This protocol builds on Suchan et al. (2016). It has been modified to work on fresh and museum samples of birds, specifically tested on Regent Honeyeater (Anthochaera phrygia). The detailed protocol contains three main sections: (A) preparing ddRAD libraries as probes, (B) preparing whole genome libraries for samples of different quality, and (C) u...
Article
Full-text available
Mobile species pose major challenges for conservation because of their unpredictable, large scale movements in response to fluctuating resources. If locations with critical resources overlap with threats, large proportions of a mobile population may be exposed to threats. Critically endangered and nomadic swift parrots Lathamus discolor nest wherev...
Article
Full-text available
Australia, New Zealand, New Guinea, Wallacea, and the islands of the Pacific Ocean collectively possess 42% of the world’s parrot species, including half of all Critically Endangered species. We used comparative methods to review the factors related to extinction risk of 167 extant and 5 extinct parrot species from this region, subsequently referre...
Article
Full-text available
Genetic tagging, the unique identification of individuals by their DNA profile, has proven to be an effective method for research on several animal species. In this study we apply non-invasive genetic tagging from feather samples to reveal the genetic structure and estimate local population size of red-and-green macaws (Ara chloropterus) without th...
Thesis
The order Psittaciformes (parrots) contains 398 extant species, divided into 3 families (Psittacidae 374, Cacatuidae 21, Strigopidae 3 species) of which 111 (28%) are classified as threatened on the IUCN Red List. This thesis presents a wide array of interdisciplinary methods to study parrots: statistical modeling of their extinction risk, on site...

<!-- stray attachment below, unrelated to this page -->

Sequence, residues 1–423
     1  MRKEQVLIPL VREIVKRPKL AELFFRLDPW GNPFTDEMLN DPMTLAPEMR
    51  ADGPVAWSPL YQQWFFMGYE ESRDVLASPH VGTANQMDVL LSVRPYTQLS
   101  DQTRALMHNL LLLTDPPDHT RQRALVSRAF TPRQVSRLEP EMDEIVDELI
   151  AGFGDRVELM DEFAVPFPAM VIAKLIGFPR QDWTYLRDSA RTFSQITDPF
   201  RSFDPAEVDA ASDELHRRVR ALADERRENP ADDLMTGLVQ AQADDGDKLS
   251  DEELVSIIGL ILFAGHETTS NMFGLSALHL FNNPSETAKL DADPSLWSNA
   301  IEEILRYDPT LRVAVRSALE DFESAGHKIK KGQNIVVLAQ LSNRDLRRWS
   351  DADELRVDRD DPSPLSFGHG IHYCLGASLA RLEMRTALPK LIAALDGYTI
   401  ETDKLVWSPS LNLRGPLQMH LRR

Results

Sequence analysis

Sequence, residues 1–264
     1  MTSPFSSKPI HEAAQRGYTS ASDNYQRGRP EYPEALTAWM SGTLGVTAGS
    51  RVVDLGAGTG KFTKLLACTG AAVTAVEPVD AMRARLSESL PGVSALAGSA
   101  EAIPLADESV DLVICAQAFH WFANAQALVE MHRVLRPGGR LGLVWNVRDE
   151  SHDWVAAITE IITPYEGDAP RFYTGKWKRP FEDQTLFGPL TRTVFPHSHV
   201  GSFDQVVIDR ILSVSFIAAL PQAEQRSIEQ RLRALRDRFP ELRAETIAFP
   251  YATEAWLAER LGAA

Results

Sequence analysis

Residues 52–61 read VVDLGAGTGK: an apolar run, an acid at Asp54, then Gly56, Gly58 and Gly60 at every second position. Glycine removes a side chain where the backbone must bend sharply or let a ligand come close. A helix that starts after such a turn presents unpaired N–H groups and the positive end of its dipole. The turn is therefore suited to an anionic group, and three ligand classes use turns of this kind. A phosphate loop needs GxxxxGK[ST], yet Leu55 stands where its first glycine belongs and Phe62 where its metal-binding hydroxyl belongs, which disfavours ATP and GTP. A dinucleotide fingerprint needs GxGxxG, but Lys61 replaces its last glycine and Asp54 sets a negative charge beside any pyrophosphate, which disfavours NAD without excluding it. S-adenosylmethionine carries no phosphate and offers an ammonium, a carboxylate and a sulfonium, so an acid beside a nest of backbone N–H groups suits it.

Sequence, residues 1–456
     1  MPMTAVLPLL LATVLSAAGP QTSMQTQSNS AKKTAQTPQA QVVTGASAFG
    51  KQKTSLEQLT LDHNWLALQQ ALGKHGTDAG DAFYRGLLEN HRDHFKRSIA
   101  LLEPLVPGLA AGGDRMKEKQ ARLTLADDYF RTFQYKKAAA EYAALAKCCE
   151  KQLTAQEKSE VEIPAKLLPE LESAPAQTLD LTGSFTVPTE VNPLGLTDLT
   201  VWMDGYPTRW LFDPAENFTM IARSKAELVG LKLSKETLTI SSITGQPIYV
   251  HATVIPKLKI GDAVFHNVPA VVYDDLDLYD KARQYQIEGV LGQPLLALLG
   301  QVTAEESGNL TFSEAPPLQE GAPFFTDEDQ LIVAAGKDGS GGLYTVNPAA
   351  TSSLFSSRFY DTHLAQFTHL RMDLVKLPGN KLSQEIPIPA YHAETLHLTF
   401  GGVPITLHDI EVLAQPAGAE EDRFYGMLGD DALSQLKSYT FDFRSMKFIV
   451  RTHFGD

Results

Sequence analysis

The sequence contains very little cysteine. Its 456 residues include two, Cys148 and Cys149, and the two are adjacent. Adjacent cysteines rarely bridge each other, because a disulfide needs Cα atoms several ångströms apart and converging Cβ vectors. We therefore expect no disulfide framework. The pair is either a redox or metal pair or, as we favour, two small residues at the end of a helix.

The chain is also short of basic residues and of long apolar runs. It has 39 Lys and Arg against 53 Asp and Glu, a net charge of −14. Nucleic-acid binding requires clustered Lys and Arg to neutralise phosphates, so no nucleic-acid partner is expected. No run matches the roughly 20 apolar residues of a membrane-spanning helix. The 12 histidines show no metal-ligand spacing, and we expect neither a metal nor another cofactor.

Article
Full-text available
Primer pairs were designed for 41 di-nucleotide microsatellite loci identified from across the full genome of the Scarlet Macaw (Ara macao). We present the best 30 polymorphic loci with 5–22 alleles, 3–14 effective alleles and expected heterozygosities of 0.669–0.930. These markers will facilitate population genetic and conservation genetic studies...
Article
Full-text available
Pathogens of both avian and mammalian fecal origin can infect birds via drinking water. Since birds often use ultraviolet clues for many decisions such as food detection, they may also be able to distinguish between faeces- or urine-polluted water and clean water by using UV vision. Here we test the hypothesis that birds may assess potential pollut...

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Projects

Projects (3)
Project
One of the current projects of Wildlife Messengers is based on our collaboration with Konservasi Kakatua Indonesia, a conservation organization working on the protection of cockatoos and other parrots in Indonesia. We also made a documentary film about the project.
Project
Ecology and conservation of Australia's most threatened and highly mobile birds